Friday, January 8, 2010

New Moon…New Tragedy (Part 1)

A man kneeling down before an equally nervous, yet excited lady, reaching for her hand to put a glistening ring while saying the perfect word for the perfect moment: “Will you marry me?” This is the typical scene or ending we often expect, and the part that defines what a romantic movie is all about. Whereas, a wedding proposal at the end of New Moon, a movie resurging the existence of a classic blood-sucking creature—“Vampire”, is a startling and unpredictable end for those who haven’t read the book written by Stephenie Meyer. As I was, I bet even the readers were stunned, seeing the wedding proposal transpire in words within the pages.

How would the wedding vow live up for these two completely different beings? Bella Swan is eligible to say, “In sickness and in health . . . ” since as a mortal she will likely acquire illness throughout her lifetime. On the contrary, Edward Cullen is unfit to say, “Till death do us part . . . ” being an immortal, he doesn’t have to deal with death knocking at his door. One cannot evade the inevitable and cruel facts of life, and the other would just drift through life, ageless and vigorous as ever. “I do,” are perhaps the most tragic words for Bella and Edward as opposed to normal couple drowning in bliss as they exchange vow.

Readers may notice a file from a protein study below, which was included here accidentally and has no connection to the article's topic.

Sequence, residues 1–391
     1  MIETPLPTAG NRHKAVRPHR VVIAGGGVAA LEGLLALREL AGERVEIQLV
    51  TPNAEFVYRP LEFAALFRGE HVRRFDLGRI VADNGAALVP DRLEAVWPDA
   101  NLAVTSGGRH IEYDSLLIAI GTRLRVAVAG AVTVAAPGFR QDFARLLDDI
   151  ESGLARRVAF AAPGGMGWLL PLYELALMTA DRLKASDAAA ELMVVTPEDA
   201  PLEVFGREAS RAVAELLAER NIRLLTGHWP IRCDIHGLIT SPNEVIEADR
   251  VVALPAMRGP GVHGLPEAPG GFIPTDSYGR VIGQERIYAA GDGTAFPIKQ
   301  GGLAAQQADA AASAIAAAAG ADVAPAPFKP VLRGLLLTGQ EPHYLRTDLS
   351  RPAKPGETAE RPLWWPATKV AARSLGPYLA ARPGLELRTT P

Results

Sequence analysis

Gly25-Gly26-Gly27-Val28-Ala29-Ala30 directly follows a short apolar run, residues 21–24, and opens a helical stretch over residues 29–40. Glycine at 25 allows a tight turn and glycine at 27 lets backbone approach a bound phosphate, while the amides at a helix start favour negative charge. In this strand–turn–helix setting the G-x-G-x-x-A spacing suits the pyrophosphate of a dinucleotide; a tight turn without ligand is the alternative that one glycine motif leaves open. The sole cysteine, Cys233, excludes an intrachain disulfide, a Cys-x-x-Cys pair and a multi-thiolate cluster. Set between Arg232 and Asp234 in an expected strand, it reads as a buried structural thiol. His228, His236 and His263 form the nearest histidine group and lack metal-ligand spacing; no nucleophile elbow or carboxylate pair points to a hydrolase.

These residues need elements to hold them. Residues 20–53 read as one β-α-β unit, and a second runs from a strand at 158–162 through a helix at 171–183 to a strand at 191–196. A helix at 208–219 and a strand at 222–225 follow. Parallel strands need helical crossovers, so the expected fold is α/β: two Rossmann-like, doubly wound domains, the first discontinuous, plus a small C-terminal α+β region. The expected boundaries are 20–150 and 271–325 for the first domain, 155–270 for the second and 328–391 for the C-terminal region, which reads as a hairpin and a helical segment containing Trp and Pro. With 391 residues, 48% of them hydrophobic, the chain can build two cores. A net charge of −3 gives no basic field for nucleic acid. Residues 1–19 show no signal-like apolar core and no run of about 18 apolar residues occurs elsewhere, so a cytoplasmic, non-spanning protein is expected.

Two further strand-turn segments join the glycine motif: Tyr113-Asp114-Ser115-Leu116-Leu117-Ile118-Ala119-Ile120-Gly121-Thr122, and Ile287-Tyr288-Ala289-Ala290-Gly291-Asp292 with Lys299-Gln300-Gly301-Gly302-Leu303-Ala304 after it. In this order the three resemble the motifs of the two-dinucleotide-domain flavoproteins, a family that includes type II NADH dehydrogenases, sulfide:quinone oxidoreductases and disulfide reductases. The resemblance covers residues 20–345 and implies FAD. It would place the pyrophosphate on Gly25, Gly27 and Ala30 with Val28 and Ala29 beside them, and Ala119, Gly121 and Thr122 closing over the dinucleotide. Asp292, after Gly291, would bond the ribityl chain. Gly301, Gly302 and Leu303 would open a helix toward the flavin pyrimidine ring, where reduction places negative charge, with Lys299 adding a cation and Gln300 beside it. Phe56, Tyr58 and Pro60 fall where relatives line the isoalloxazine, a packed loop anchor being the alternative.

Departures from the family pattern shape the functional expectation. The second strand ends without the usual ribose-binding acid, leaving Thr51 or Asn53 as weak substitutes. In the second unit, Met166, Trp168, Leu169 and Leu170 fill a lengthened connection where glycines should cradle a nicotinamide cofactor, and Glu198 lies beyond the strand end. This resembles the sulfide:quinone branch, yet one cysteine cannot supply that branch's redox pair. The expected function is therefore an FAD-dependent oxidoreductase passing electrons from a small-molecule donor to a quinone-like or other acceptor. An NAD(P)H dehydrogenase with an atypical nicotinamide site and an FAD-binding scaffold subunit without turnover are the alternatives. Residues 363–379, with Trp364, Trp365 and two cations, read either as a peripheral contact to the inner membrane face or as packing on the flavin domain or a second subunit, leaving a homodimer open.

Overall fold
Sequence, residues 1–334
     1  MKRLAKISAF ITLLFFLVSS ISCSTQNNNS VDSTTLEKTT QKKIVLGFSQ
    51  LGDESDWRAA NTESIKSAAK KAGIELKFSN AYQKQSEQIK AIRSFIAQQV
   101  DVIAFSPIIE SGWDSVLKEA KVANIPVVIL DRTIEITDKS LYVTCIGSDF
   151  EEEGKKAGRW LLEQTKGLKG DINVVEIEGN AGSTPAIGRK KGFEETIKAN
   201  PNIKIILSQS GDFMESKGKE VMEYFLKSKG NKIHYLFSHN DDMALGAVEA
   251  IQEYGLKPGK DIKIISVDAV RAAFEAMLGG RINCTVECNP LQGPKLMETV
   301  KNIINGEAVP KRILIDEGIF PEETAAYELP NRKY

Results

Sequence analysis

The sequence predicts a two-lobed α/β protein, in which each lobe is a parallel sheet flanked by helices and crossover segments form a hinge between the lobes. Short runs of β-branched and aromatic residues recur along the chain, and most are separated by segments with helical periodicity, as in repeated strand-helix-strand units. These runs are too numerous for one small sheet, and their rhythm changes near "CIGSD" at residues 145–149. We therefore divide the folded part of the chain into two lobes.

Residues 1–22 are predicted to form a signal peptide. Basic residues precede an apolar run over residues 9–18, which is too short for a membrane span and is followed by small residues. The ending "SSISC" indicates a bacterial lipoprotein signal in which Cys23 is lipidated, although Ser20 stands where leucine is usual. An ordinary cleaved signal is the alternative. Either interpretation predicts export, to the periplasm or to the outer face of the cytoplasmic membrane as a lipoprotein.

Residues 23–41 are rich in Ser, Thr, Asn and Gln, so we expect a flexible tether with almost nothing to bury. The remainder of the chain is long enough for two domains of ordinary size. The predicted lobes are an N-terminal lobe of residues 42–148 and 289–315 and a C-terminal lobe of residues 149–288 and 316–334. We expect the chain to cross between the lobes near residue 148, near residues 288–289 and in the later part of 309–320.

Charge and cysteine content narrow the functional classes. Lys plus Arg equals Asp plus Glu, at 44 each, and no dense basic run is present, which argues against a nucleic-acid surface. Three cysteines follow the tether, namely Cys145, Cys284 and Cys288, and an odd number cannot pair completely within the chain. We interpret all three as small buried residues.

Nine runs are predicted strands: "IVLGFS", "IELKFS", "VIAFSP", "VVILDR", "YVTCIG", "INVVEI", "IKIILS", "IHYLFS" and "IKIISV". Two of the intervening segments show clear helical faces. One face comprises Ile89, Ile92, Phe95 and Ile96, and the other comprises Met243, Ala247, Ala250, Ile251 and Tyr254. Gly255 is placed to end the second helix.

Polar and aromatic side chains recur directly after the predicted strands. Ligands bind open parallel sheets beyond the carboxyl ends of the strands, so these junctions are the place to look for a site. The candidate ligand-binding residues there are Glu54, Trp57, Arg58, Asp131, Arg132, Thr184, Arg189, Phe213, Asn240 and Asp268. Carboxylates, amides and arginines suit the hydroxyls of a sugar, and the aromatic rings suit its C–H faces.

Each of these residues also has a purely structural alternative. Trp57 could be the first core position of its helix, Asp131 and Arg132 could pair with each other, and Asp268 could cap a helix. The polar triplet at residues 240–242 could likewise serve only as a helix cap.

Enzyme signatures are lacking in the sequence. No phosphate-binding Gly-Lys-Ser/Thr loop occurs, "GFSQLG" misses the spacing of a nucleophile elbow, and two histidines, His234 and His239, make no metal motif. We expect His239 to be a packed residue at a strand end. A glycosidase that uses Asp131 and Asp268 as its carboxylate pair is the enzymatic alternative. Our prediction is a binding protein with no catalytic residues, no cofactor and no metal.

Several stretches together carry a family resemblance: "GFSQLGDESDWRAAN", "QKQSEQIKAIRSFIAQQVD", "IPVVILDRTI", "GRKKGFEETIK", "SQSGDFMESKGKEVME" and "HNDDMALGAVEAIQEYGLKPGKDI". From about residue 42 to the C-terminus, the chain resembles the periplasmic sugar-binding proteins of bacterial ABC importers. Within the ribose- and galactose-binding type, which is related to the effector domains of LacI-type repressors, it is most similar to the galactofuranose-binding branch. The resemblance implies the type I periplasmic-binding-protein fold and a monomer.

Tragedy, as I see it, started earlier in New Moon. Bella Swan has to contend with the possibility of being one of them—becoming a “vegetarian,” the diet being practiced by the Cullens—by living off with animal’s blood. As shown by his refusal, perhaps Edward Cullen felt it as a tragic possibility than the all-so-willing Bella who is consistent of wanting to be part of Edward’s family—the immortal Cullens, as if the pangs of the venom penetrating deep within her vein has never threatened her own being—her mortality in Twilight. But this seems to be a minor pass incident Bella Swan has forgotten, since she’s willing to put herself through it again, leaving everything behind, even her family. I think she doesn’t realize the detriment of her clumsiness, Bella’s prevailing quality that I see as a tragedy as well, though as a minor one or maybe not.

For much detailed tragedies of Bella Swan read New Moon…New Tragedy (Part 2).

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